Andrei Palamariu:   21:19
It's interesting. So this, um, this example of the drugstore in Germany? Um, what did they do beforehand? I assumed they were well prepared with, and they they have been implemented a system for for some time now to deal with the search. Um, did they do something different or what was their ah, there event.

Johanna Småros :   21:40
I think our smallness us. Many of our other clients I've had the goal already previously to let the system deal with the kind off business as usual stuff very automatic. So they have work towards a situation where there aren't, for example, mustard a. The issues that planners need to deal with but rather have such high quality off input data that also the output is very high bulleted, meaning that there is very little need for her for people to adjust. For example, what are proposals or our safety spokes, or even forecasts on that makes a company very belt prepared in a situation like this, where you actually need some manual intervention. But you have the knowledge of how to do that no item by item, but by adding rules that deal of it identified, for example, product categories or the top sellers in product. That is so they are really good at kind of making the system work for them, and that's, ah, something that's highly useful in in situations of rapid change.

Andrei Palamariu:   23:00
I agree, and I think a lot of ah, what you're saying is a conscious effort from the leadership that this is what we want to achieve and then discipline on all fronts to make sure the data is healthy. Or is there right for Mitt and so on? Do you? I'm interacting with quite a lot of companies, and most of them who also are in the solution space tell me that clients nowadays are already convinced of the importance of having a good system, um, from being convinced, actually using it and having good data the wearisome some light between these two years. But do you see any trends when it comes to transformation or digitization and the the appetite of clients towards it? Um, when they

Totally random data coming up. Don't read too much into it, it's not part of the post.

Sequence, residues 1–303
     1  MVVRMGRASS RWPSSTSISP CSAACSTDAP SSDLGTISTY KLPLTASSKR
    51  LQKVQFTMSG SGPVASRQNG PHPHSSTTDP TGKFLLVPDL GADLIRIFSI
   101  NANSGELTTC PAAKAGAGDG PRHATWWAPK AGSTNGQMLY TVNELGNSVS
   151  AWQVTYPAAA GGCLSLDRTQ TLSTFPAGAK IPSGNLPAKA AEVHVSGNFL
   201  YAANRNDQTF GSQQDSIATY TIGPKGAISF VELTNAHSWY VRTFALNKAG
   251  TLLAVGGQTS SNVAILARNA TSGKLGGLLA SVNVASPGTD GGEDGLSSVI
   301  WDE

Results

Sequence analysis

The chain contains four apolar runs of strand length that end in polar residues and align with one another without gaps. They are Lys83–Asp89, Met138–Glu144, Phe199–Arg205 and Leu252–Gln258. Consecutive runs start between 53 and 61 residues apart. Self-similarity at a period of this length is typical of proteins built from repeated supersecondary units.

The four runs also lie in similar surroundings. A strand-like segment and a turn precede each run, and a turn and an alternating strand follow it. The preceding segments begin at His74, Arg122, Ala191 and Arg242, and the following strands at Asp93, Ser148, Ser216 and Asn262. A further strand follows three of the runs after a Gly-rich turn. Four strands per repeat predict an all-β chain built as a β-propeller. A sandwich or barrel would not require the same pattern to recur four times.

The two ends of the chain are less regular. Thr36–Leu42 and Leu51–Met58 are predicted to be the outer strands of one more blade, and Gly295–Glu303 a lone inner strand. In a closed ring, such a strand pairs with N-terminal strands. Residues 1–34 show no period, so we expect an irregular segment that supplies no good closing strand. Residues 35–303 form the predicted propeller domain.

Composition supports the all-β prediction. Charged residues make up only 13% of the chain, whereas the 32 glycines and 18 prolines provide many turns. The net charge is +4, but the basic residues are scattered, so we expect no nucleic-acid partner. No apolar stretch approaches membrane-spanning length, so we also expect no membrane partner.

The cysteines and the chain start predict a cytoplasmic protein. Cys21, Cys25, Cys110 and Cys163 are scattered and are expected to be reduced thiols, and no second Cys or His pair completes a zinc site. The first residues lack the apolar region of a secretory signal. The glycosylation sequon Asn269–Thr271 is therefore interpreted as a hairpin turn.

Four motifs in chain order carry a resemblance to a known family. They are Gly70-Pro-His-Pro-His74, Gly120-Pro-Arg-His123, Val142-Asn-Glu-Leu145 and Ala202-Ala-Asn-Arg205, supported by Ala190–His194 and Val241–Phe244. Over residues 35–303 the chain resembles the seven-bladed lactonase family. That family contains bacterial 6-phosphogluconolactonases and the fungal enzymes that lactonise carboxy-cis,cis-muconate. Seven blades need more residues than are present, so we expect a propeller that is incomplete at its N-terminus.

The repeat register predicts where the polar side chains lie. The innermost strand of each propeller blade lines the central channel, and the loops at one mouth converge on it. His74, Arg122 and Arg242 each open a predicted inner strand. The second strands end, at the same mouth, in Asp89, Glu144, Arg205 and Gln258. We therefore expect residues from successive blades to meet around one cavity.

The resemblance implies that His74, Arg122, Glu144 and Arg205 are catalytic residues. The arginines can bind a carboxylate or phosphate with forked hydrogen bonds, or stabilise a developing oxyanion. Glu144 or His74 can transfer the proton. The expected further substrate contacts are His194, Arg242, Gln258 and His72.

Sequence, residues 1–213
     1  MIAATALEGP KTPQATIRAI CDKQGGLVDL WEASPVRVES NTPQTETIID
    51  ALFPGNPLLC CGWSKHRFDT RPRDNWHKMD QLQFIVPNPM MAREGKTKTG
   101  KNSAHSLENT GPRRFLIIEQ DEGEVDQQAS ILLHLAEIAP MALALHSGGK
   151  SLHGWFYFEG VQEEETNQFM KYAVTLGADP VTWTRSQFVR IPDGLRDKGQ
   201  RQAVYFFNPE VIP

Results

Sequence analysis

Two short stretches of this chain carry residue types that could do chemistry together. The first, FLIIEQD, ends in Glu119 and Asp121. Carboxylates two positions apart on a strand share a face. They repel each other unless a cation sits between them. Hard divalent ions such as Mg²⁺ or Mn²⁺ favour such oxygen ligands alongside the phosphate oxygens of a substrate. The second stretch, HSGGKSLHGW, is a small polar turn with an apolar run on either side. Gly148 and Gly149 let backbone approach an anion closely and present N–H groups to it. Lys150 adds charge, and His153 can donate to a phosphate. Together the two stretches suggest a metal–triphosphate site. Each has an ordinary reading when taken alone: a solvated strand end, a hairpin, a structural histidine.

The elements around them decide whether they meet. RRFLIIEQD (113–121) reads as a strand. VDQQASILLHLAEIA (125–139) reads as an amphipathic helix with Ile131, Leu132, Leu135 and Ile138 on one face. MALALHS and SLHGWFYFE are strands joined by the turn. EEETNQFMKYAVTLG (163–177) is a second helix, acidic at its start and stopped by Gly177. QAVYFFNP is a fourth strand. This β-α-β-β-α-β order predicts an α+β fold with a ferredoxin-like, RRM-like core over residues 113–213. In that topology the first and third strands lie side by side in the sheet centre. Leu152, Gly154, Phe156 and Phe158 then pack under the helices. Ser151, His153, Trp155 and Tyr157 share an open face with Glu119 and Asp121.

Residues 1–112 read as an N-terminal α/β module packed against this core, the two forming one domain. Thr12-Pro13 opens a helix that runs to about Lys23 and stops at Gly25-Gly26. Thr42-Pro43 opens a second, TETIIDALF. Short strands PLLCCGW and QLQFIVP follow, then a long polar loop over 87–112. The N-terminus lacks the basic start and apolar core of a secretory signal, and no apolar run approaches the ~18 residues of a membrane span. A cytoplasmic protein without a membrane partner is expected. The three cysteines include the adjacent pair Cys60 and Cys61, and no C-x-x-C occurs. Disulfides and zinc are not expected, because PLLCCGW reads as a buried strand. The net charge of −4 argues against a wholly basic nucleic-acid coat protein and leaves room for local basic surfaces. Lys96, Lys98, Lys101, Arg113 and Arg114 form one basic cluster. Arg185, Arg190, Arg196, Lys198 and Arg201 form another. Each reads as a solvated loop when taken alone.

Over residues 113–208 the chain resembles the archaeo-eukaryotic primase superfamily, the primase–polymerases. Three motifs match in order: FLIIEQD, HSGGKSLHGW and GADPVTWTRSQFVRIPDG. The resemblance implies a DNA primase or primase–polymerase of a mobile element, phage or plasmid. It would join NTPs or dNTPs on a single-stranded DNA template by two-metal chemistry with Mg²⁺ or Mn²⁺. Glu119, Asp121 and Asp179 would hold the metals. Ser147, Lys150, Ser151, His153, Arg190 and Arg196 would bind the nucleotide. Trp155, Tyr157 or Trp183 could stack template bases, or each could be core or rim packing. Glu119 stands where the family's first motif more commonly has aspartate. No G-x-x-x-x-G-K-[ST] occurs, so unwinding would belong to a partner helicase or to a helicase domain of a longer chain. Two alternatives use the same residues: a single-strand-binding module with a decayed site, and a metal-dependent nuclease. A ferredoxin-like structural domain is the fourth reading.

Johanna Småros :   23:53
founded relax about 15 years ago, things like software as a service were quite new on there. It's in a massive transformation off clients not only being open to it but action if requesting sauce solutions. And I do think that has a massive impact on, for example, implementation. That's that's been a big shift, I think. Another thing that's changed quite drastically. It's kind off the understanding off, um, Mats Onda now A. I actually adding value and that it doesn't have to be ah, run by a data scientist. It can actually they packaged into a tool that somebody who really understands the business processes, uh, can be running rather than somebody that it's really good. That's statistics, for example. So that's another big change. But I do think companies are still in different states off mind. Some are really looking for the kind of newest and latest on duh Well, basically, AI and machine learning are the kind of keywords, uh, where it's others are still a bit more skeptic about what can be automated and what cannot be automated. So it's not like wool off the retailer's who'd be moving at the same pace and the exact same direction. But I actually think that this crisis will also highlight how difficult it is to manage tens of millions off in Monterey flows of activity If you don't have that system support if us probably doable in a very kind of steady state with, for example, grocery sales, I'm changing maybe one or 2% year on year. But then, when you have things like this order, um, that, say wildfires or extreme weather events, it's very, very complicated to manage that well, manually